FDA approves Evofem's non-hormonal contraceptive gel Phexxi

Evofem Biosciences said its contraceptive Phexxi (L-lactic acid/citric acid/potassium bitartrate) received FDA approval Friday, making it the first non-hormonal prescription gel for the prevention of pregnancy. The company indicated that Phexxi will carry a list price between $250 and $275 for a box of 12 packs, although the product's launch will be delayed to the first week of September due to disruptions stemming from the COVID-19 pandemic.

The FDA decision "means women now have access to a non-hormonal contraceptive option that they control, on their terms, to be used only when they need it," commented CEO Saundra Pelletier.

Resubmitted filing

Evofem resubmitted its filing for Phexxi, formally known as Amphora, to the US regulator last November, supported by data from the Phase III AMPOWER trial of roughly 1400 healthy women aged 18 to 35 years. According to the company, the trial was designed with input from the FDA to address questions raised in a complete response letter issued to Evofem in 2016.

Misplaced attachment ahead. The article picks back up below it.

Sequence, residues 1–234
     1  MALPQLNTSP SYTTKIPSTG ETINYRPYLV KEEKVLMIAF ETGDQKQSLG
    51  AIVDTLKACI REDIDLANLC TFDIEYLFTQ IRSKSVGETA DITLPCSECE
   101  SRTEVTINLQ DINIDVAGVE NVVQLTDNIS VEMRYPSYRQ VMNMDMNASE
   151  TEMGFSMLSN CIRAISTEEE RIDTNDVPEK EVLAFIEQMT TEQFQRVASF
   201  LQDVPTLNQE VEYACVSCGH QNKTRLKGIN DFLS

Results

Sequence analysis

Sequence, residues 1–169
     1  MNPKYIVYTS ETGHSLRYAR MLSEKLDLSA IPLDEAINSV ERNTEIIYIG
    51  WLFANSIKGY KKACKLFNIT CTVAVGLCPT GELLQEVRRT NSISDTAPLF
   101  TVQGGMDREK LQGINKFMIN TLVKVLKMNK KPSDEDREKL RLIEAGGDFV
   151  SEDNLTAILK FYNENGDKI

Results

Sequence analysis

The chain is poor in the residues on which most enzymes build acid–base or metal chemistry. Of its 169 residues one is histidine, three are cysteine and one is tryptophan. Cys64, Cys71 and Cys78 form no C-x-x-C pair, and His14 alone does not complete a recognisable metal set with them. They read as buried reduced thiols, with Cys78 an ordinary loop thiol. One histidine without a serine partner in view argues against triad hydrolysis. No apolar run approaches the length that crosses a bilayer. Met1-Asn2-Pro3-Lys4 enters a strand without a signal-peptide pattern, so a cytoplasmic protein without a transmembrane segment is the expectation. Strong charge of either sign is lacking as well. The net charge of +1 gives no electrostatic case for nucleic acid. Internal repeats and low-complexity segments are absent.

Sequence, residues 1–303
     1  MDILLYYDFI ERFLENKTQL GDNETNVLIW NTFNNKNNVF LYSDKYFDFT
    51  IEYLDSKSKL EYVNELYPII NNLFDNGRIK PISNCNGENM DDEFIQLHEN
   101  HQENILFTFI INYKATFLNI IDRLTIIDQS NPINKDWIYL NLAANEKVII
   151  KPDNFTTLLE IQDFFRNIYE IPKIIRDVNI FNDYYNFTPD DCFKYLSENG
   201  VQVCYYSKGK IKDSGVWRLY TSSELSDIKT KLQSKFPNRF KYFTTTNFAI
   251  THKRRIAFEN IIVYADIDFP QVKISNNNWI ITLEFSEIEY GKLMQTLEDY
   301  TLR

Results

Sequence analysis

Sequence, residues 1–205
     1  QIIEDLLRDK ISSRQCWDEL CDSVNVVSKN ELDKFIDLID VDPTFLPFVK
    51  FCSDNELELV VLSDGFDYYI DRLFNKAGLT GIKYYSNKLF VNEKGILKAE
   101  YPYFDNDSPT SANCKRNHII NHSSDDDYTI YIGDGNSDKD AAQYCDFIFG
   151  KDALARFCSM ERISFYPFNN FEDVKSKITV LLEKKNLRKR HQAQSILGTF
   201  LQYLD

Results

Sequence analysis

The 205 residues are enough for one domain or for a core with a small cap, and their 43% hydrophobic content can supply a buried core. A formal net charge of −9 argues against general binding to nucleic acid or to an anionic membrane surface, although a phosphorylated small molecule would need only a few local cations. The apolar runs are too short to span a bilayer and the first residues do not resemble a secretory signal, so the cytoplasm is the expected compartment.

Top-Line data from the trial demonstrated that Phexxi was associated with a cumulative pregnancy rate of 14% over seven cycles of use, corresponding to an 86% efficacy rate for "typical use," which met the study's primary endpoint. The contraceptive gel also had 98.7% efficacy when used as directed.

Acidic pH 'inhospitable to sperm'

HC Wainwright analyst Raghuram Selvaju estimated that Phexxi could bring in peak sales of $500 million by 2030. According to Evofem, the contraceptive gel, applied in the vagina using an applicator up to one hour before sexual intercourse, is designed to maintain vaginal pH within the normal range of 3.5 to 4.5, an "acidic environment that is inhospitable to sperm."

Meanwhile, the drug is also being studied in the Phase IIb AMPREVENCE trial for the prevention of chlamydia and gonorrhoea in women. Evofem plans to start a large study by year's end, then submit results to the US regulator for approval as a second product, for preventing these sexually transmitted diseases.

To read more Top Story articles, click here.